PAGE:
Can anything be done about the “retired guy” beer gut? I don’t even drink! Honest! This isn’t for me!
As we age we tend to lose muscle mass and gain fat. Because of this we need to take a hard look at our eating and exercise habits. Are we eating too many calories? Are we getting enough daily physical exercise? Here are some tips you might want to consider:
• I recommend that you eat three balanced meals per day. Don’t skip meals.
• Follow the healthy plate method in which one-half of the plate is non-starchy vegetables prepared in a healthy manner, one-quarter of the plate is starch and the other quarter is protein. Include low fat/nonfat dairy and fruit as well.
• It’s important to monitor portion size. Please read nutrition facts labels for serving sizes. Examples of serving sizes include 1/3 cup of pasta or rice, ½ cup of beans, ½ cup of oatmeal, ½ a medium to large banana, one piece of a small to medium whole fruit, 2 to 3 ounces of meat, fish or poultry for lunch and dinner, and one ounce for breakfast and one cup of milk (nonfat or 1% the best choice) or 6 ounces of fruited yogurt (again low fat or nonfat) or 8 ounces of plain low fat/nonfat yogurt.
• Limit/avoid concentrated sweets like candy, cake, pie and more.
• Don’t drink your calories. Avoid juice, regular soda and other high calorie/high sugar beverages.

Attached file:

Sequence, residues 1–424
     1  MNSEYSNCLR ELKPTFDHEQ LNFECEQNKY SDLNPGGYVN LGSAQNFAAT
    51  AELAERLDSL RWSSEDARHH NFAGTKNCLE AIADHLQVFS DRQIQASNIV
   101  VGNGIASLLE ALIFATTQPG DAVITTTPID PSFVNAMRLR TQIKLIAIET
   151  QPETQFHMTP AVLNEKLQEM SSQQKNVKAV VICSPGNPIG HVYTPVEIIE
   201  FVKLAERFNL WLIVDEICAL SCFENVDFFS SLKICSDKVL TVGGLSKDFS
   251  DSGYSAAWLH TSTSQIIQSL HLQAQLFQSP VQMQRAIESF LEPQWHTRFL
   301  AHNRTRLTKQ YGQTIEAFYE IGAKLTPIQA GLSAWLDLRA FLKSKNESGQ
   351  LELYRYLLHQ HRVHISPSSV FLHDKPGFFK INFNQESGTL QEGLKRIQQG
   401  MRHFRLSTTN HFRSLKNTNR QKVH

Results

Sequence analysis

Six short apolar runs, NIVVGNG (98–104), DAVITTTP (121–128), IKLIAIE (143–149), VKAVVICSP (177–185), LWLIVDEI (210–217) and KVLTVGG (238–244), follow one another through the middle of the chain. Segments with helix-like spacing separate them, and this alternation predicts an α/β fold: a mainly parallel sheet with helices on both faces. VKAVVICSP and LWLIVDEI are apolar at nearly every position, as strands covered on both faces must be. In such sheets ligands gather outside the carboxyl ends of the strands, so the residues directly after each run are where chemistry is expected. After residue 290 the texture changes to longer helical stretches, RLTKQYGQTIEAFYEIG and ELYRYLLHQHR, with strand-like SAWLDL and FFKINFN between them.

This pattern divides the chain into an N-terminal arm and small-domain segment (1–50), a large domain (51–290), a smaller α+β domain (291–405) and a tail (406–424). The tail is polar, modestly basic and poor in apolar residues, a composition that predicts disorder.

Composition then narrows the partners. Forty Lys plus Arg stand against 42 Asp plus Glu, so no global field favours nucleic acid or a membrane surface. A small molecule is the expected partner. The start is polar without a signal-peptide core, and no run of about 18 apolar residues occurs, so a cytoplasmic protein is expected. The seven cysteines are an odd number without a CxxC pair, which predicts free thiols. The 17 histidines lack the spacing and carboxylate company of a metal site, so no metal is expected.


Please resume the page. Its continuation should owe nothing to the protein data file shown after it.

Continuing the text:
• Get adequate calories. In general, for a male who is 5’10” or taller, 1800 calories is adequate. For a male equal to or more than 5’11’ in height aim for no more than 2000 calories. This varies by individual, so speaking with your healthcare provider or dietitian for exact calories based on you height, weight, physical activity level and medical conditions is advised.
• Keep a food diary. A good Web site to help determine calories (and more) consumed is www.myfitnesspal.com.
• To manage chronic disease, exercise a minimum of 30 minutes most days per week is recommended. To lose weight, this amount needs to be upped to at least 60 minutes most days of the week. You can break this up into 10 to 15 minute increments if you like. Also include resistance/weight training twice per week. Don’t forget to warm up and cool down. If you’re not in an exercise program now, please speak with your doctor before embarking on one.
• Create a starting plan. Come up with a few goals and start there. Building on small changes up to big ones. Aim to lose around 1 to 2 pounds per week. Slow and steady wins the race.